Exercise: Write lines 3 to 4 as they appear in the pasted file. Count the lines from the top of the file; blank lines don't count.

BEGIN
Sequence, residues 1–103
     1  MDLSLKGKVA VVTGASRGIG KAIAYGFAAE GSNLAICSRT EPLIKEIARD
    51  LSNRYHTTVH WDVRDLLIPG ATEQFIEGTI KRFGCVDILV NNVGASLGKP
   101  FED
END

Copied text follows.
    51  LSNRYHTTVH WDVRDLLIPG ATEQFIEGTI KRFGCVDILV NNVGASLGKP
   101  FED